Living and Learning in Amritapuri, India: August 21-23, 2017

Saraswati Gardens

I’ve stopped by Saraswati Garden twice since I’ve been in Amritapuri. The plants have grown so much since I left the ashram in January. Some of the marigolds are now six feet tall!

(You can click on the galleries to enlarge the photos.)

Fruit bat

As dusk approached on Tuesday, Kumuda and I were walking down the back stairs of the building where we both live. As we looked below us, we saw a group of people gazing up into a tree. There was also a lot of movement in the tree.

We suspected that they were watching fruit bats. Moments later, bats began flying in and out of the tres. The bats coming towards the tree were carrying round objects that were bright yellow or orange. We wondered if those objects were small oranges. Whenever the ashram elephant is brought to the courtyard on darshan days, devotees buy fruit from the juice stall to feed it. Maybe the devotees were buying oranges for the bats. That explanation seemed far fetched but we had no other.

This was our first view of a bat from the stairs. (It is towards the left side in both pictures. It started opening its wings in the second photo.)

Once we reached the ground, we joined the group who had gathered at the bottom of the tree. I watched one of the fruit bats moving through the tree in a way that reminded me of a monkey. It even looked like it had hands. The video below gives some idea of what I saw.

Crows and Pappadams

At one point during the Tuesday prasad lunch (the day when Amma gives everyone lunch), I looked up and saw six crows perched in a line towards the top of the auditorium. The crows were intently watching the activity below. If one saw an opportune moment, it would swoop down and take a pappadam off of someone’s plate. I saw several crows with partial pappadams in their mouths so maybe they were stealing pappadams from each other as well. When I looked up five or ten minutes later, all of the crows were gone. Perhaps they were feasting on their plunder. (The photo of pappadams came from Wikimedia.)


Thursday is opening day for the new café. They closed the cafe about 3:00 p.m. on Wednesday and started moving all the equipment to the new building. I imagine the kitchen staff stayed up most or all of the night putting the new place together. I wanted to help but knew my help would be limited by the splint on my injured wrist.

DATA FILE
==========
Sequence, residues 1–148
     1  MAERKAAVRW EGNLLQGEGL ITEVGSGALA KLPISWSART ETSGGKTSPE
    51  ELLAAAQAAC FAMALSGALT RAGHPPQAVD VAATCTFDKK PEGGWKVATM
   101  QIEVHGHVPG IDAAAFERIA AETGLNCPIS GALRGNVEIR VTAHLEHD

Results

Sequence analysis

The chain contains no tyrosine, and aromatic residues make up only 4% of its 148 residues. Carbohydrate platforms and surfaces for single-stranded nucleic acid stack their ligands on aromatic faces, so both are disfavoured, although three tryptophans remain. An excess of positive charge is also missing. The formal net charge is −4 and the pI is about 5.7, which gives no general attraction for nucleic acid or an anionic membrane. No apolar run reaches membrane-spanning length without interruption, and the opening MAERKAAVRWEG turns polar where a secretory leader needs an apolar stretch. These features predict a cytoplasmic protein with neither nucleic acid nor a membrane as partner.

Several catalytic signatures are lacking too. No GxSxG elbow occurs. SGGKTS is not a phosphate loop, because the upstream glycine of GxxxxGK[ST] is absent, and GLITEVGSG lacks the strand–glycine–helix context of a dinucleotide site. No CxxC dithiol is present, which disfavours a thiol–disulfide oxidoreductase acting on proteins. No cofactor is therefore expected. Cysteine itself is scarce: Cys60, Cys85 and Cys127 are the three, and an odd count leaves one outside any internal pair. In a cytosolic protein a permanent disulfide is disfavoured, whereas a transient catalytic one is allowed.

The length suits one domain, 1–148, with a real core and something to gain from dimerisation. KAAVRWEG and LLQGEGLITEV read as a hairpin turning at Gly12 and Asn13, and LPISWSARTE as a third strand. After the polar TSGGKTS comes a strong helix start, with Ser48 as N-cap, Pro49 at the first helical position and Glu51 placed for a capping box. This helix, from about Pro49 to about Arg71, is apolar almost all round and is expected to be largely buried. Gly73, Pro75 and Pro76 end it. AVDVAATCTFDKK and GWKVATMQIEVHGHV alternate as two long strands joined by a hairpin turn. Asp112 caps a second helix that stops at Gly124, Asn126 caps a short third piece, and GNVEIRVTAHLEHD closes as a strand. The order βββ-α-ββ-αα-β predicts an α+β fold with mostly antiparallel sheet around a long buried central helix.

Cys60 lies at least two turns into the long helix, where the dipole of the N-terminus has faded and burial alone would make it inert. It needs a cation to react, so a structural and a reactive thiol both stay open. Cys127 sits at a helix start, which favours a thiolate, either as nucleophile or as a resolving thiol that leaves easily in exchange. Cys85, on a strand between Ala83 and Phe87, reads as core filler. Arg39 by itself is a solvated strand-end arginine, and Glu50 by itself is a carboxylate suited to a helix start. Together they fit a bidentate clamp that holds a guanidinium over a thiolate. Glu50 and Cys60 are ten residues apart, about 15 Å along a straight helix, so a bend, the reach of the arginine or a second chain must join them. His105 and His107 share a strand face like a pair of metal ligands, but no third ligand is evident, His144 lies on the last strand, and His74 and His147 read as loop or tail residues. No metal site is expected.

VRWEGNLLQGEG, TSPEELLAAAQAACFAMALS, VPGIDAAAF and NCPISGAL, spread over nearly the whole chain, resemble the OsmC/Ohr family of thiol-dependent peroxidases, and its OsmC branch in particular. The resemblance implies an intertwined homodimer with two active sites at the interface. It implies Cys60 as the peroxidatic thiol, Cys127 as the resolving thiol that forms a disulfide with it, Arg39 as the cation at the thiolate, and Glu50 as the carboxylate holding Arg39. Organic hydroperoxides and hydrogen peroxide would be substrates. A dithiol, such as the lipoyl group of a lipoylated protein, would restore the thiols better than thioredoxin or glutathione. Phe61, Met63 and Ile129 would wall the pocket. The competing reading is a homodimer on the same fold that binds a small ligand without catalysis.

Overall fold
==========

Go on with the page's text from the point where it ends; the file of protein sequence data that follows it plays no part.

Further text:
A story about an Indian squirrel that helped build the Rama Setu bridge kept coming to my mind. I blogged about that story last year:

Many years ago, at the the end of the programs in each city on Amma‘s North American tour, there was an announcement that contained a story about a squirrel who contributed to the building of the Rama Setu bridge. The squirrel participated by rolling in the sand and then going to the end of the bridge and shaking the sand off, chanting the name of Lord Rama throughout the process. It completed this process over and over.

Lord Rama rewarded the squirrel by picking him up and stroking his back. From then on, this type of squirrel had three stripes on its back, stripes that went from head to tail. The stripes are seen as Lord Rama’s fingers. At Amma’s programs, this story was used to teach that everything we do to contribute makes a difference.

I remember thinking that what was called a squirrel in the story must be what we call a chipmunk. Since then, I have learned that the squirrel is a palm squirrel and it the same size as a large chipmunk.

I was determined to find a way to support the effort. I saw that the counters and shelves in the new building were covered with a heavy layer of construction dust. I found a small bucket of water and a rag and started washing down the counters with my good hand. Often there were hoses, boards and other construction materials on the counters. I had to wipe around those, but I was helping! I washed the surfaces for a couple of hours and then had dinner. After dinner I came back and did some more.

When I returned, I discovered a lot of the construction materials had been moved so it was now possible to wash many of the surfaces completely. Also, enough of the dust and other debris had been removed by the first cleaning that we were able to use soapy water with the next round. Soon the beautiful counter tops were in full view. I was so happy to have found a way to help.